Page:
Concerned about bullying as a new school year starts?

Posted on 8/27/2019

Prisma Health Children’s Hospital–Midlands Child and Adolescent Psychiatrist Robin Welsh, MD, has tips for parents and children

A bully can turn what should be an exciting new school year into a nightmare. If your child is the target of a bully, there are ways to stop the bullying or lessen the impact.

What is bullying?

There are many forms of bullying. Bullying is intentional tormenting through physical, verbal or psychological actions. Bullying is repeated oppression toward a less powerful person by a more powerful person or group.

Direct bullying can be physical or verbal. Examples of physical bullying are:

  • Bumping.
  • Shoving.
  • Holding back or restraining.
  • Shoving someone into a locker, etc.

Verbal bullying involves:

  • Name calling.
  • Belittling.
  • Threats.

Indirect bullying can be:

  • A group of friends turning against a person.
  • Starting a rumor or doing or saying something to affect a person’s social status.
  • Hurtful graffiti.
  • Displaying negative body language.
  • Excluding someone from social groups.

Cyberbullying

Cyberbullying is using technology to oppress or harm someone through texting, voicemail, email, photos, videos and other technology. Cyberbullying may occur one-on-one or information may be distributed to a whole group.

Male bullies tend to be more physically aggressive than girls. Girls tend to operate under the radar and often act in groups, trying to inflict psychological pain on their victim. Girls target a perceived weakness in another girl and may make negative comments about her clothing or appearance.

Bullies tend to prey on children who are less assertive. Bullies may have an emotional perception of weakness in their victims or they may feel jealous of their victims.

Signs that your child may be a victim of bullying:

  • Unexplained injuries, ripped clothing.
  • Decreased appetite.
  • Sleep disturbances.
  • Child is hesitant about going to school; child may be more clingy
  • Child is sad, tearful, depressed or anxious during the school week, then feels better on weekends.
  • Child fakes illness to avoid going to school.
  • Child wants to change route to school or mode of transportation.
  • Child asks for extra money all the time.
  • Child needs to take extra food for lunch.

Take bullying seriously. Educate your child that bullying exists and explain that bullies often are unhappy or insecure. Lay the groundwork for open discussions about possible bullying and let your child know that if bullying occurs, you want to know and you will help them.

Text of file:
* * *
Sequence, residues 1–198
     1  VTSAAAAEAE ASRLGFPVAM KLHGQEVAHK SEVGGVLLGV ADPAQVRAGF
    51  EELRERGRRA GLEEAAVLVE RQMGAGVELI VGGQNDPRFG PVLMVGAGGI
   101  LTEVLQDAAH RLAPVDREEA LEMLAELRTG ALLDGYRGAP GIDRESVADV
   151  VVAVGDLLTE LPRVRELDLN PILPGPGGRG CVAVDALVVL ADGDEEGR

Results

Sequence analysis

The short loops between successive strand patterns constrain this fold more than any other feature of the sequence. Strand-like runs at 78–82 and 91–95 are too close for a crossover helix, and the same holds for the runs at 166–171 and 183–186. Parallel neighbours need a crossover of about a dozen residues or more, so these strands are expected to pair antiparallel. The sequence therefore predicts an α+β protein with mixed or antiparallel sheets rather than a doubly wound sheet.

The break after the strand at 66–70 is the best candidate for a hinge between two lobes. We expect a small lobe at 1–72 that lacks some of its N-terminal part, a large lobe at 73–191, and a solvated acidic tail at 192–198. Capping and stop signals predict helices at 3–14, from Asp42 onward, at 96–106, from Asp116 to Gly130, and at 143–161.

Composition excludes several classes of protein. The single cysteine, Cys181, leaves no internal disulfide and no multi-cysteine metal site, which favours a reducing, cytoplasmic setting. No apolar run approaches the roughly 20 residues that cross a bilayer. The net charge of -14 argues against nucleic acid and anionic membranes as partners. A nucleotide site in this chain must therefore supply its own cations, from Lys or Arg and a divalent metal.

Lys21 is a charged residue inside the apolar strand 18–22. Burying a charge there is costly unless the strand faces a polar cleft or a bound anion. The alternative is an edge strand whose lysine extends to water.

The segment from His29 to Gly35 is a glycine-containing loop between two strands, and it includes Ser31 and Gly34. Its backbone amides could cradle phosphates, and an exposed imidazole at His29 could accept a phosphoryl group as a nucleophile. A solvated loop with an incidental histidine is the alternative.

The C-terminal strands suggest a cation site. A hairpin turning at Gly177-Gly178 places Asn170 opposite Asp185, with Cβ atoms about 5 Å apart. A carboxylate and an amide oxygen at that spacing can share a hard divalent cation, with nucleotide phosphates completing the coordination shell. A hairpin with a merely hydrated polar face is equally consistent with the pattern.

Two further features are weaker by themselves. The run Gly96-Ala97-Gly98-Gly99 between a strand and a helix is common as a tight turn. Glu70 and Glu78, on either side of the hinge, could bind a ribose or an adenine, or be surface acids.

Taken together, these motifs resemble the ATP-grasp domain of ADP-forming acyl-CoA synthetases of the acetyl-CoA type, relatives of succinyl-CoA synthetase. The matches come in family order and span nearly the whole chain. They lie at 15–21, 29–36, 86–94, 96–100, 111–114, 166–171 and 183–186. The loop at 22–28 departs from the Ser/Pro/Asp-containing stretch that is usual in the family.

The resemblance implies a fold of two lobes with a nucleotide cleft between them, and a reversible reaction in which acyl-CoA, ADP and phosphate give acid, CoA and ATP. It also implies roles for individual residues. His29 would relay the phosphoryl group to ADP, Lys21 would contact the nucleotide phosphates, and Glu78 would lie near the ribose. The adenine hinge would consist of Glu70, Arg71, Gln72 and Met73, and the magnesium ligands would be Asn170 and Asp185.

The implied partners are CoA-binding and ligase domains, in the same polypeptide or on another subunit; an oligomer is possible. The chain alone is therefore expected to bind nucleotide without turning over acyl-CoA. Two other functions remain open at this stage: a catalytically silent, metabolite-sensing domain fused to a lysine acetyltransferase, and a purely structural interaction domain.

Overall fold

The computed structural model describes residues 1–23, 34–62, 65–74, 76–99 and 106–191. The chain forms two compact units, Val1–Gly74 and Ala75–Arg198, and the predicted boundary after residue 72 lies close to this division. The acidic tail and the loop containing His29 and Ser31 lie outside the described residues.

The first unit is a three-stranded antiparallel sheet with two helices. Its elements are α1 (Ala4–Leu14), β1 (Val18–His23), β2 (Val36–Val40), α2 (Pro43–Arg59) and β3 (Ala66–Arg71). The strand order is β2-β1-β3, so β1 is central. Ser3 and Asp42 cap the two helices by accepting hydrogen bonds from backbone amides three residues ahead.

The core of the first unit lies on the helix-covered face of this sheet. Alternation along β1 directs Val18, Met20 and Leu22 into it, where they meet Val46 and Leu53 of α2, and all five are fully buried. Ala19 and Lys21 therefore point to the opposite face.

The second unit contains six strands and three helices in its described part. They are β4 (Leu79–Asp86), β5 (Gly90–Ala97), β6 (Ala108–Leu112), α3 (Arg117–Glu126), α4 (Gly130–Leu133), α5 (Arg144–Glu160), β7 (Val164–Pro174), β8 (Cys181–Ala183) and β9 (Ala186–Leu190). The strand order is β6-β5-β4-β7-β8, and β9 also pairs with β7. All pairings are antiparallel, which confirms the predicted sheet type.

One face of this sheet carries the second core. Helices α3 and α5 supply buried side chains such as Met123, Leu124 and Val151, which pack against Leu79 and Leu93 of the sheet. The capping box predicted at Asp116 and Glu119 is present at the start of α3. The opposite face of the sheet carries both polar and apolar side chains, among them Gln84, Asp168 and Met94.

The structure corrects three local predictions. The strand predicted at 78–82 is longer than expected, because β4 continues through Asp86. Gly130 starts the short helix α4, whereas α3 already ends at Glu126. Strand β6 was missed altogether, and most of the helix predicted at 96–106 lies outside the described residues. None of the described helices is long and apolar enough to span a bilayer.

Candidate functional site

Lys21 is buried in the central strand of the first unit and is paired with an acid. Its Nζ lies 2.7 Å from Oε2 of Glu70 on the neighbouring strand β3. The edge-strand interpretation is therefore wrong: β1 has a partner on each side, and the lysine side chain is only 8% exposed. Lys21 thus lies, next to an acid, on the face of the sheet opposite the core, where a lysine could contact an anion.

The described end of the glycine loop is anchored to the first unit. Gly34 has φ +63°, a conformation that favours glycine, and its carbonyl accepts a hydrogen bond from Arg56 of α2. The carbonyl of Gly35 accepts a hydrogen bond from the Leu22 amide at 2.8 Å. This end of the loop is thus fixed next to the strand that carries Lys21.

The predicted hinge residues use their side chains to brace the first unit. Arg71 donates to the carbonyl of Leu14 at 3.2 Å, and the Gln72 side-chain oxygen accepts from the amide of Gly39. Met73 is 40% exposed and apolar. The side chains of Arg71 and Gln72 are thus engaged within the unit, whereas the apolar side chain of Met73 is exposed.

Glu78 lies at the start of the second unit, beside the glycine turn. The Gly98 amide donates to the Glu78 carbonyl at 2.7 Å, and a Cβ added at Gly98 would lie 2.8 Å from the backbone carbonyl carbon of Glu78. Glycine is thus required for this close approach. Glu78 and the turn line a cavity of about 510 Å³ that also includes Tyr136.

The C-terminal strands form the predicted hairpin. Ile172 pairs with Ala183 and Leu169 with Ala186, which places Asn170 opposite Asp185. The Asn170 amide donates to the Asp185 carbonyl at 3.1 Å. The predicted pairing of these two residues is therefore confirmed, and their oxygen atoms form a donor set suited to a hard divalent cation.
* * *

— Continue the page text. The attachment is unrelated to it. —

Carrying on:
Explain that bullying can happen at school, recess, church, at after-school activities or in the neighborhood. Bullying tends to peak in middle school. If your child recognizes a bullying situation, empower your child to speak up for the victim when possible. If your child is the victim, encourage your child to tell you, a teacher or another trusted adult. Many schools now have bullying prevention programs.

Recognize that some children are afraid to tell on bullies because of possible repercussions. Keep the lines of communication open with your child. Stay very involved in your child’s life and ask questions to draw them out.

Monitor your child’s cellphone, social media and online activities and make your child aware that you are doing so for their general safety. As a parent, you have that right and responsibility, especially when your child first begins using social media.

Many parents are not aware of the prevalence of bullying and of the capabilities bullies have to use technology and social media to exert power over victims. The consequences of bullying are real. Studies show that victims of bullies often are susceptible to joining gangs for acceptance and protection. Also, it is estimated that many childhood suicides are directly related to bullying.

Bullying is a power play. Talking about bullying with your child is an important step in protecting your child and identifying problems before they progress.

About Robin Welsh, MD
Welsh is a board certified child and adolescent psychiatrist who has practiced in the Midlands area for the past 25 years. She has served in the public, private and academic sectors of child and adolescent psychiatry and currently is the division director of Palmetto Health-USC Child Development and Behavioral Health. She also is director of the Prisma Health Children’s Hospital–Midlands Pediatric Palliative Care Team.

About Prisma Health Children's Hospital–Midlands
Prisma Health Children's Hospital–Midlands is South Carolina’s first children's hospital and has more than 150,000 children’s visits each year. It offers more than 30 subspecialties to meet the unique health care needs of children and has central South Carolina's only Children’s Emergency Center. With more than 350 professionals who work exclusively with children, Prisma Health Children's Hospital–Midlands has a team of highly skilled and trained experts unmatched by any hospital in the Midlands. Prisma Health Children's Hospital–Midlands is the place to go for children's medical care, because the best care matters.

 

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